Les Miserables


I haven’t finished yet. I wasn’t sure if I’d ever read it again so I chose to read the unabridged version. That makes over 1200 pages. I have finished volume 1 which is 200 pages.

  1. Who are the miserable ones that the title refers to? Who in our society today are downtrodden as these are?
    1. The people who are starting so far down at the bottom that they cannot find a way to help themselves. They are not given opportunity to be members of society, they are unfairly punished with no assistance or even freedom to take care of their daily needs. What they do is so crushing and consuming that they have no time to have a spirit or to experience life, all is drudgery.
    2. The modern-day slaves in the book Not For Sale and the poorest in all societies are the people who experience this today.
  2. The characters are complex. Many are likeable, but not necessarily good (or they are good, yet not so likeable). Examine one or more of the characters, looking at his or her choices, and what they represent on a more universal level.
    1. I admit I haven’t read the entire book, but even when I finish I suspect my favorite character will still be Monseigneur Bienvenu. I agree with Carrie’s post on that. I was glad the book started with his character because I was so intrigued and convicted by him. And he lives with such integrity that when Valjean shows up it is no effort at all to treat him the way he does.
  3. What do you think that the theme of Les Mis is?
    1. Grace and greed. Either want to protect and keep for ourselves and are jealous of any others (even when they experience good), or able to see that none of it has value unless shared.
    2. I think Valjean shows what the result of grace can be. He was just a young man trying to survive before he went to prison and something worse when he got out. But with the grace and love that he received from the Bishop and the true faith that he received we see he became a successful businessman able to help so many others.
  4. How would you classify this novel? It covers so many themes — allegory, suspense, romance, war. Which storyline appealed most to you?
    1. The first volume showed the true life of faith of Bishop Myriel and the conversion and honest life of Jean Valjean. The life of grace and trust in God appealed to me most.
  5. The experience: Which version did you read (how many pages)? Did you like it? If it’s not your first time to read it, how did this reading compare to others?
    1. This was a bit difficult. I read the unabridged version (at least 1258 pages). I started with a copy from the library but finally bought a copy so I wasn’t under the pressure of the due date (although I did have a due date for the 5M5B post).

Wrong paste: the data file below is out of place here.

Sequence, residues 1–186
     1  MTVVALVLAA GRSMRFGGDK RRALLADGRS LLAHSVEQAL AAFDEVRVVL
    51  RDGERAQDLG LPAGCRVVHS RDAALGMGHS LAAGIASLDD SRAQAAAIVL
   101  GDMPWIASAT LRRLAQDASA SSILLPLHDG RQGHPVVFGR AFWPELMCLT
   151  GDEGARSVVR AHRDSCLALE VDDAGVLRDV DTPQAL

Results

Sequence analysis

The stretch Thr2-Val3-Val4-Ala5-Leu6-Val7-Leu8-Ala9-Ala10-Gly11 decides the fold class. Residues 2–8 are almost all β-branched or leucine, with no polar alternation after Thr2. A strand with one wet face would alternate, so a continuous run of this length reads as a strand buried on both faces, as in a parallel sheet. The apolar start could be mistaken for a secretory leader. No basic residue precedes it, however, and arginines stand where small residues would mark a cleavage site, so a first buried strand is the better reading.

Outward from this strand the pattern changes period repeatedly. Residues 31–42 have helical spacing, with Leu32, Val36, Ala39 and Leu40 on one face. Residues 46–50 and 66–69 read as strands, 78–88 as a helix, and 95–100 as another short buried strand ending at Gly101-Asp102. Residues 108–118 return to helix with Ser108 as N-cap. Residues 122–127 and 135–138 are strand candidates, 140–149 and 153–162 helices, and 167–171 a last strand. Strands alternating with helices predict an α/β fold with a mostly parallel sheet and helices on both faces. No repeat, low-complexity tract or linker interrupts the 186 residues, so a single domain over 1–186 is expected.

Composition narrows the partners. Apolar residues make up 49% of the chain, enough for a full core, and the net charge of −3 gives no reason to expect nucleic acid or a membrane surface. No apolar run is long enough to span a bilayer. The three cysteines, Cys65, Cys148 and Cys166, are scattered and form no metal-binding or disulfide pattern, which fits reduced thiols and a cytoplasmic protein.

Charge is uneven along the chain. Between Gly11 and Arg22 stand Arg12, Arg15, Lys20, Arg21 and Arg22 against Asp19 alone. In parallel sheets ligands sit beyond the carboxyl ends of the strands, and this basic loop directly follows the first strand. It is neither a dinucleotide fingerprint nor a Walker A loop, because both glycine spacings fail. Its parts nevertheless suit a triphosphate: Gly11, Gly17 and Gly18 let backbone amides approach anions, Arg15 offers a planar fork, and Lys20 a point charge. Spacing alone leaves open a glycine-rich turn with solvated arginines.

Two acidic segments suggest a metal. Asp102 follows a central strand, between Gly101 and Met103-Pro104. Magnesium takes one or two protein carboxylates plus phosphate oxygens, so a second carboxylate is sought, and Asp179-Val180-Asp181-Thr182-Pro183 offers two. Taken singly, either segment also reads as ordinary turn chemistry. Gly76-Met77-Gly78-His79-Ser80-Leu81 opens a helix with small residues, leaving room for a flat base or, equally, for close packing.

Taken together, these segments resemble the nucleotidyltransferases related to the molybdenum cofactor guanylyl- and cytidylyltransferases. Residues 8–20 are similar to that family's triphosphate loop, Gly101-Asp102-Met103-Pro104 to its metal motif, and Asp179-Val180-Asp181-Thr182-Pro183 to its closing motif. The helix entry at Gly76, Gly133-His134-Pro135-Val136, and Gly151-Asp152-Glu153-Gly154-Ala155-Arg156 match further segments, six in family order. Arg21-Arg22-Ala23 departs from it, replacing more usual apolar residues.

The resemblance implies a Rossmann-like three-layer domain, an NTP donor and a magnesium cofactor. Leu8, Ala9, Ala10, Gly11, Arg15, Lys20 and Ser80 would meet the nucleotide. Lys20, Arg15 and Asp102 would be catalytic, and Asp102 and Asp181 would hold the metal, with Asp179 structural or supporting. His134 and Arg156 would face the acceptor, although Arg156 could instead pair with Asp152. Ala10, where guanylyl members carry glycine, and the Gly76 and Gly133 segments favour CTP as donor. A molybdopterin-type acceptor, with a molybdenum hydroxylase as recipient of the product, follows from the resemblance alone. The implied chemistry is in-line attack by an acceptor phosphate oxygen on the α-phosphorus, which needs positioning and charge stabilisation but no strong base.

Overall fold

2. I have never read the book or seen the movie so this was a first for me. I finished volume 1 and loved it. But I did find myself impatient to move along. I finally gave in and read the summary on wikipedia so I could go ahead and figure out what was going to happen.
    3. I will definitely finish the book. I have a better opinion of abridged versions now, I think Hugo is a bit wordy in places.
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8 Responses to Les Miserables

  1. Like you, I still haven’t finished Les Miserables. And like you, I’m reading the unabridged version and have a much higher opinion of abridged versions now. : )

    I’m loving it, even though I’ve skipped one whole section already (the battle scene).

    Very good insights here. Thanks for sharing!

    Amy @ Hope Is the Word’s last blog post..Memory Monday–Colossians 3:1-17

  2. Yep–I tried to tell all of you — go with the abridged!! I can’t call a book that is 600 – 800 pages in an abridged version.

    That said, even the abridged version is wordy in places and the minor characters are given a LOT of attention.

    Keep plugging away and I highly recommend skimming when you glaze over.

    I’m glad you posted.

    Jennifer, Snapshot & (5M4B)’s last blog post..Read and Reviewed

  3. Bluestocking says:



  4. Nise' says:

    I must have read an abridged of the abridged version! There were huge sections left out. Hope you finish and see it on the stage if you can!

  5. Deanna says:

    I am in the camp that believes – Les Miserables deserves to be read in an abridged version.

    The Bishop is my favorite character. He did live his life with great and admirable integrity. For me, something to aim for…

  6. Kipi says:

    I’m also reading the unabridged version. I’m glad I did, but calling Hugo “wordy” is an understatement!

    Kipi’s last blog post..Book review – Les Misérables

  7. Yes, I have not gotten very far in this read, but I was able to post based on my previous readings– isn’t it just an absolute beautiful book? I would greatly recommend at least listening to a recording of the Broadway production. It’s very condensed, but the music is so powerful!

    Loved reading your take on the book!

    morninglight mama’s last blog post..to love another person is to see the face of God

  8. Jols says:

    I just finished reading the unabridged version which is 1432 pages long. It feels so fulfilling to have finished this book. I did skim over the battle scene and a few other places where he rambled on and on. I appreciate his detail but it can get to be too much at times especially when he interrupts the story to tell pages and pages of the smallest detail. I highly recomend this version and for those who are struggling to finish, push on because the end is the best part!

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